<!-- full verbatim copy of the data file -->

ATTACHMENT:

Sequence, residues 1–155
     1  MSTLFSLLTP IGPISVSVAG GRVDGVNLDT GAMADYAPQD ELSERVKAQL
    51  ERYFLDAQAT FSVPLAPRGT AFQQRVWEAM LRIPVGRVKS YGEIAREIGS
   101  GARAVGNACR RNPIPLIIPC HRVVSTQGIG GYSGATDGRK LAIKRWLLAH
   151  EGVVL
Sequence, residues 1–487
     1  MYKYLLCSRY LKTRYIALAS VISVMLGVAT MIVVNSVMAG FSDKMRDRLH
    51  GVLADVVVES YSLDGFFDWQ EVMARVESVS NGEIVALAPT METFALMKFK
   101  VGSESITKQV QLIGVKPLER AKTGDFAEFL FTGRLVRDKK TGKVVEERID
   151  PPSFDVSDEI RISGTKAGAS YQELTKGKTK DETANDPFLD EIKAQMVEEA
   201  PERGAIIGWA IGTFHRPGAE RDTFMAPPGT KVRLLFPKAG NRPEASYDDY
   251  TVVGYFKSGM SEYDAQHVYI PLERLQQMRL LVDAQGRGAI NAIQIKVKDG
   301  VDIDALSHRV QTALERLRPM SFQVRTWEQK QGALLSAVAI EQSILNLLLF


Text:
Sequence, residues 1–155
     1  MSTLFSLLTP IGPISVSVAG GRVDGVNLDT GAMADYAPQD ELSERVKAQL
    51  ERYFLDAQAT FSVPLAPRGT AFQQRVWEAM LRIPVGRVKS YGEIAREIGS
   101  GARAVGNACR RNPIPLIIPC HRVVSTQGIG GYSGATDGRK LAIKRWLLAH
   151  EGVVL
Sequence, residues 1–487
     1  MYKYLLCSRY LKTRYIALAS VISVMLGVAT MIVVNSVMAG FSDKMRDRLH
    51  GVLADVVVES YSLDGFFDWQ EVMARVESVS NGEIVALAPT METFALMKFK
   101  VGSESITKQV QLIGVKPLER AKTGDFAEFL FTGRLVRDKK TGKVVEERID
   151  PPSFDVSDEI RISGTKAGAS YQELTKGKTK DETANDPFLD EIKAQMVEEA
   201  PERGAIIGWA IGTFHRPGAE RDTFMAPPGT KVRLLFPKAG NRPEASYDDY
   251  TVVGYFKSGM SEYDAQHVYI PLERLQQMRL LVDAQGRGAI NAIQIKVKDG
   301  VDIDALSHRV QTALERLRPM SFQVRTWEQK QGALLSAVAI EQSILNLLLF